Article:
Though Jackie Robinson deservedly gets all of the credit for breaking baseball's insidious color barrier, Ernie Banks did the same thing for his fans and the city of Chicago.
Baseball and Chicago lost one of its greatest ambassadors recently when Hall of Famer Ernie Banks died at the age of 83.
I lost my first sports hero as a child growing up 90 minutes from Chicago and someone who first shaped how I looked at race relations. Even though he retired from baseball in 1971, I wasn't surprised with the outpouring of kind words about Banks on top of the praise for his career accomplishments -- he hit more than 500 home runs and redefined how a shortstop could be a power hitter.
Ernie was the first black man to play for my Chicago Cubs in 1953 after they signed him out of the Negro Leagues. That's six years after Jackie Robinson broke the color barrier when he played for the Brooklyn Dodgers, but Banks also had a profound affect in Chicago.
Before there was Walter Payton and Michael Jordan in Chicago as icons, there was Ernie Banks, and you couldn't get enough of him. His smile and enthusiasm and love of life and of people was something I had never experienced. Period.
Home baseball games at Wrigley Field had been televised in Chicago, a race occurrence when owners didn't want to hurt the gate. The Cubs used TV to market Wrigley Field and the team and when Banks came to the Cubs, a legion of fans got to watch him on a regular basis and see his skill that led him to win National League MVP awards and All-Star berths.
I didn't get a chance to watch Ernie play until late in his career because I was born in 1962 and didn't start watching baseball on a regular basis until 1969.
I was at my aunt's in 1970 watching the Cubs game with my family when Ernie hit his 500th home run and WGN announcer Jack Brickhouse gave his patented "Hey! Hey!" to celebrate the feat.
As a kid, like many of my friends, I'd go in the backyard and emulate the way Ernie held his bat back and up high. Ernie could do no wrong with me.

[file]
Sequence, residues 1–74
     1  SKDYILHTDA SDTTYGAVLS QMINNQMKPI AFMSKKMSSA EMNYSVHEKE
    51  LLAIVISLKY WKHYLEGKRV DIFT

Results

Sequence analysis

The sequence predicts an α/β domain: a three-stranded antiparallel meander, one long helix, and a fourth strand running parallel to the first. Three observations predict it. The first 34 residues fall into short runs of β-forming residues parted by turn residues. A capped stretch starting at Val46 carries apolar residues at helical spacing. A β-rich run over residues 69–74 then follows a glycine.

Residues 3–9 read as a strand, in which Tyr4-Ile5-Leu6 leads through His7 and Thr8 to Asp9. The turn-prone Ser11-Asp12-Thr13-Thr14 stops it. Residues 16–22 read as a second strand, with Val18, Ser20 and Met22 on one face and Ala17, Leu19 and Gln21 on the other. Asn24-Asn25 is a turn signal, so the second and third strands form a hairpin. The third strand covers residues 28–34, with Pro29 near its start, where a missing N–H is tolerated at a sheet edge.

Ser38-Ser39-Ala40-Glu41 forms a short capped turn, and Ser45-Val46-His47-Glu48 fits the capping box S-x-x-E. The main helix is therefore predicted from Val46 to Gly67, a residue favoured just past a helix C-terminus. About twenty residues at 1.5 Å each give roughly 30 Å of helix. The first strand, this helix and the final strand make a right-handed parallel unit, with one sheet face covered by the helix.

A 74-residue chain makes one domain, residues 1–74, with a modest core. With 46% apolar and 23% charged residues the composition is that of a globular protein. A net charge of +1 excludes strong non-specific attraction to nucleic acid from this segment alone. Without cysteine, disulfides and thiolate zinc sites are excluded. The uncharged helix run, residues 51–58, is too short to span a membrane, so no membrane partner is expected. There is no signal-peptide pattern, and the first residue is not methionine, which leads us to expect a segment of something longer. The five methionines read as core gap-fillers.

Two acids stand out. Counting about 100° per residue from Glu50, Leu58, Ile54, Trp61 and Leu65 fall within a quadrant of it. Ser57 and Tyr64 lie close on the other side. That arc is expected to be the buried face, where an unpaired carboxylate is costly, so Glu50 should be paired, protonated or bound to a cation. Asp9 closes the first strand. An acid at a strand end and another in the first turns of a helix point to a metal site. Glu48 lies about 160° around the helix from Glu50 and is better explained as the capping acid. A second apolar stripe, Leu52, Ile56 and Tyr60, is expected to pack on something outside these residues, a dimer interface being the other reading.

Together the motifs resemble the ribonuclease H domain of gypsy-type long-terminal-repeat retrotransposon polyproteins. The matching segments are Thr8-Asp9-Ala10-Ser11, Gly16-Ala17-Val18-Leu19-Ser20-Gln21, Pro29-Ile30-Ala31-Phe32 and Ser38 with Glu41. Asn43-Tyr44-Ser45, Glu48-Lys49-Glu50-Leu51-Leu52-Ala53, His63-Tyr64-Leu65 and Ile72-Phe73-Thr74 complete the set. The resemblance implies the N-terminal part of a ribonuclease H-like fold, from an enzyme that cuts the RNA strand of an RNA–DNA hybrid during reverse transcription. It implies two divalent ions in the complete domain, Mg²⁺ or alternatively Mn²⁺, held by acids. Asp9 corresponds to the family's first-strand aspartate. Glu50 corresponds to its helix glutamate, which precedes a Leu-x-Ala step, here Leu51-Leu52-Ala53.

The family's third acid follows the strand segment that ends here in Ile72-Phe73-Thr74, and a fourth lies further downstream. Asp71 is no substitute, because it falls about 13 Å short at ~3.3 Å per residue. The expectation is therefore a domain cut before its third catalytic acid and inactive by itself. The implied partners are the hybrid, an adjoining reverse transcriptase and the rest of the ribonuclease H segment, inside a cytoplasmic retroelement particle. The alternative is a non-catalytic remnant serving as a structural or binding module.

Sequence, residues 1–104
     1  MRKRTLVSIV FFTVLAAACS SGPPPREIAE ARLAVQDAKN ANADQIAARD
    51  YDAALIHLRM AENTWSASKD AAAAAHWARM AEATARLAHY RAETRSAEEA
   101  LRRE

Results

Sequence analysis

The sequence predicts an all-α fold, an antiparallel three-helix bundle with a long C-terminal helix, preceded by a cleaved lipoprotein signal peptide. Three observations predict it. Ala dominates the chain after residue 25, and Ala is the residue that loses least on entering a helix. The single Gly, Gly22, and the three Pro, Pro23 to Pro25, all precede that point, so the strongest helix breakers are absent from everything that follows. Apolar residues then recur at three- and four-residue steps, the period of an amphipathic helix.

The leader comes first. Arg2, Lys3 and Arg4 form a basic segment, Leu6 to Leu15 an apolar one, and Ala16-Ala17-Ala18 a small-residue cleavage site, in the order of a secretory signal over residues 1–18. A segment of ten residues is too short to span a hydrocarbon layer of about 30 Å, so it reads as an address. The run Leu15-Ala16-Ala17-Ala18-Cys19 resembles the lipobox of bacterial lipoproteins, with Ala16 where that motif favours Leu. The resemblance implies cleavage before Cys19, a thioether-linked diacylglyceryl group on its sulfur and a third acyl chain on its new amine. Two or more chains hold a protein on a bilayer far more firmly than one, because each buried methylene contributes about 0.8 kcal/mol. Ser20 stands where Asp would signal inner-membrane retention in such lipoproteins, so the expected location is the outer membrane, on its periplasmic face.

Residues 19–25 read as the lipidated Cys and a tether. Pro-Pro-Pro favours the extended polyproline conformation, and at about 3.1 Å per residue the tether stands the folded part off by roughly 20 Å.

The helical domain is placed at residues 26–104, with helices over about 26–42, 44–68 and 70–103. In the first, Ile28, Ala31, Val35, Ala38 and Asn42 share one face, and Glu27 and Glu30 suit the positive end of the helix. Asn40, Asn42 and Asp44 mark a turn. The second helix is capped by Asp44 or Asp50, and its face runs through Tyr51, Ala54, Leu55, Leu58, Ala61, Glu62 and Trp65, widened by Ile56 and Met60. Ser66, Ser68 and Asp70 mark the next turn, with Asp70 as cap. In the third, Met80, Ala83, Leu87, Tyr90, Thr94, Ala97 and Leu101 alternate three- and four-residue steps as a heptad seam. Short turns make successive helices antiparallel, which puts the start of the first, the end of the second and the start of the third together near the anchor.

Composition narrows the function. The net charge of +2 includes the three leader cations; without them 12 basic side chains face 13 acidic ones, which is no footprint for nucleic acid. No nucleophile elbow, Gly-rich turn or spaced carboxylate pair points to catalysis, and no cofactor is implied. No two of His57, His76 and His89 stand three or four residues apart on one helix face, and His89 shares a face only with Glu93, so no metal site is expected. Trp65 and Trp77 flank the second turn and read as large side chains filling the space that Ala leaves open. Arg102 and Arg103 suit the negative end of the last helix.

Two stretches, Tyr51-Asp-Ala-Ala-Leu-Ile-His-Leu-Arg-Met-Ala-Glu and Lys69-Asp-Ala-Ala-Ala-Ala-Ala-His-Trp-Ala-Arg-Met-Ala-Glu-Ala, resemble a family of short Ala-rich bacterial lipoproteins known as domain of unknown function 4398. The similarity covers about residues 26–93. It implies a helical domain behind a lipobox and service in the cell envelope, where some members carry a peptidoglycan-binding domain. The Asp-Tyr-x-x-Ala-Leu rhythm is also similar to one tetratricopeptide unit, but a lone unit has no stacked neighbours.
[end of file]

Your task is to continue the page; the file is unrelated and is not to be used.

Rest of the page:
As a young boy growing up in a small Midwestern manufacturing community with about 20,000 people, I didn't think much about race relations. There were very few black people in town. My only experience was when my dad, who owned a plumbing company, would be called to go fix a leaky pipe or some other problem on a weekend and I'd tag along.
When I was growing up, I never heard my dad say a critical word about blacks. He even told me when he was growing up in the 1940s, a black kid played his traveling softball team and talked how teams in other towns didn't appreciate it when he came to play.
My first experience in meeting another black child was when I went to Chicago in 1967 when I was 5 years old and I had to get my tonsils removed. The other kid was a patient in my room, and I just thought of it as a neat experience to meet someone different from me.
I've always been fascinated by people of different races, cultures and religions. Before I could read, I'd flip through The World Book Encyclopedias in my room just to look at the pictures of all those countries and fascinating people.
A globe to me was a sense of wonder. I feel that I have an inkling what Marco Polo must have felt like.
It was in 1971 (I was 9) when my life was shaped for what I wanted to do when I grew up. I was fascinated by politics from my dad when he ran for county office and lost by three votes in 1970, only to run again in 1972 and get elected to the La Salle County Board. I got to meet governor and other elected officials you saw on TV.